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I congratulate Hugh Gaffney on securing the debate. In my constituency, one third of children live in poverty, and it has the third-worst statistics in the whole of Scotland for child poverty. That is shameful in this day and age, and it matters, because I grew up in abject poverty and I know what it is like. Poverty is not just about a lack of money, although clearly that is the foundation on which all poverty is built. It bleeds into every single area of life, and it is hugely damaging for the children affected. It does not just mean a cold house, or going to bed with an empty, hungry tummy, which is bad enough and completely unacceptable in this day and age. It also brings with it a poverty of hope, aspiration, self-confidence and self-belief.
Material poverty reduces and lays waste to the things we want all children to have. It is life-limiting, and too often leads children into a pit from which it is hard for them to escape. Even if, on growing up, they manage to drag themselves out of poverty, it leaves scars behind that do not vanish on reaching adulthood.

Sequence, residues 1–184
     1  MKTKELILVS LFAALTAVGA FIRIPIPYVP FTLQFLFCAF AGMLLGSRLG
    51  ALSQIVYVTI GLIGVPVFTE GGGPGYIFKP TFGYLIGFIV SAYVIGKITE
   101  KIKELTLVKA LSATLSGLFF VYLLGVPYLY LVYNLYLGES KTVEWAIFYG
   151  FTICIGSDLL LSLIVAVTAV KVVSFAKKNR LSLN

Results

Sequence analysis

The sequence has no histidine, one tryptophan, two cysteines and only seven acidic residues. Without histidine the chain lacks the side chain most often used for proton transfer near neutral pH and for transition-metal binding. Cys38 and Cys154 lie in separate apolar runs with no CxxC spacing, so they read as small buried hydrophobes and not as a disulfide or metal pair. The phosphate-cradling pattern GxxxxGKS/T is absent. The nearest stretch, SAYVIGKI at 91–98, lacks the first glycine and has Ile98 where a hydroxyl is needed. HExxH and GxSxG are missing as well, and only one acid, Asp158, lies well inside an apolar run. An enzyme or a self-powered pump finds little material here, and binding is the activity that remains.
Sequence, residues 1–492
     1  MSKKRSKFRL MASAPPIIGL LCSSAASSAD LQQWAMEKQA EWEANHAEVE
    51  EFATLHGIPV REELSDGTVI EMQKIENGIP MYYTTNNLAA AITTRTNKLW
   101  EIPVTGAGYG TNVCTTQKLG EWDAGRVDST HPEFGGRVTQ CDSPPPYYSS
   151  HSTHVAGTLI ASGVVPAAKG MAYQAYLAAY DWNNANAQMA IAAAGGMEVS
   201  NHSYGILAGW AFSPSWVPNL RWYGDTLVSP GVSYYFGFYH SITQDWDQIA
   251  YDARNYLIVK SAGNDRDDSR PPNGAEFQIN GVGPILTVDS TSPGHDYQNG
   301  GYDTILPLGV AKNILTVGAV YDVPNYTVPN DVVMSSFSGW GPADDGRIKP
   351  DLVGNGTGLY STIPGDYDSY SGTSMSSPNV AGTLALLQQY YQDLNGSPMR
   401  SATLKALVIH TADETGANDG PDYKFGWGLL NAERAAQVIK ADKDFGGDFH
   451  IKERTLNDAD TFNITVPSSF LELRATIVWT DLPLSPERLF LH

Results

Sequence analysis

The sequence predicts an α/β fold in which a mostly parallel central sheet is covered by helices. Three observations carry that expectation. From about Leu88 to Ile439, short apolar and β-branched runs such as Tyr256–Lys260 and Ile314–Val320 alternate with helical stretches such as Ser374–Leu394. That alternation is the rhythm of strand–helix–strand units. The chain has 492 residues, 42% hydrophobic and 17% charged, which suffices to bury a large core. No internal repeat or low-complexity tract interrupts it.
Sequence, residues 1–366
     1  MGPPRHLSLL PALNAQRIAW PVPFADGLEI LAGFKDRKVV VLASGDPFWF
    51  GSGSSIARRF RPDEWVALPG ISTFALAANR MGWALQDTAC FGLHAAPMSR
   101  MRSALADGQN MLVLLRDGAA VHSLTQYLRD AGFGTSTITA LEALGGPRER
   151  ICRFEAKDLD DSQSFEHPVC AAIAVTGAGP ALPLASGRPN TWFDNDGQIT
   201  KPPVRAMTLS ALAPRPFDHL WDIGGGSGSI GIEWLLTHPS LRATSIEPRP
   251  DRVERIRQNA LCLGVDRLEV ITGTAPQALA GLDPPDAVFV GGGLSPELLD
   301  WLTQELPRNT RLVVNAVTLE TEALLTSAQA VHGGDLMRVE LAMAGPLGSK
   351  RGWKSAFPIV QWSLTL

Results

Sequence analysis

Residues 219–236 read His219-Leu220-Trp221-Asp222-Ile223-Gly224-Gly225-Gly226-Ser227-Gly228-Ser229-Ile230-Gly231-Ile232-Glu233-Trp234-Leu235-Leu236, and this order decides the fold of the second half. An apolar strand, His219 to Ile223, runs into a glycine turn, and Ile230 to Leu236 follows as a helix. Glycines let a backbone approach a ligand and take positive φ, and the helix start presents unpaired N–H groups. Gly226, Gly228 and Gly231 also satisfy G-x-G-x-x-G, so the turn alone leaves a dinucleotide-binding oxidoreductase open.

I have spoken in the past about how poverty brings isolation. When people live in poverty, there is no money to access local services. Parents cannot take their children out for a treat for the day; they cannot go to the pictures or visit the local café. They cannot have the everyday pleasures that ought to be part of every child’s life. It means that their life is limited and their horizons are not broadened. Many things are out of reach for them. That life limiting brings another kind of poverty, which arises from material poverty. That is a shocking indictment of a country as rich as ours.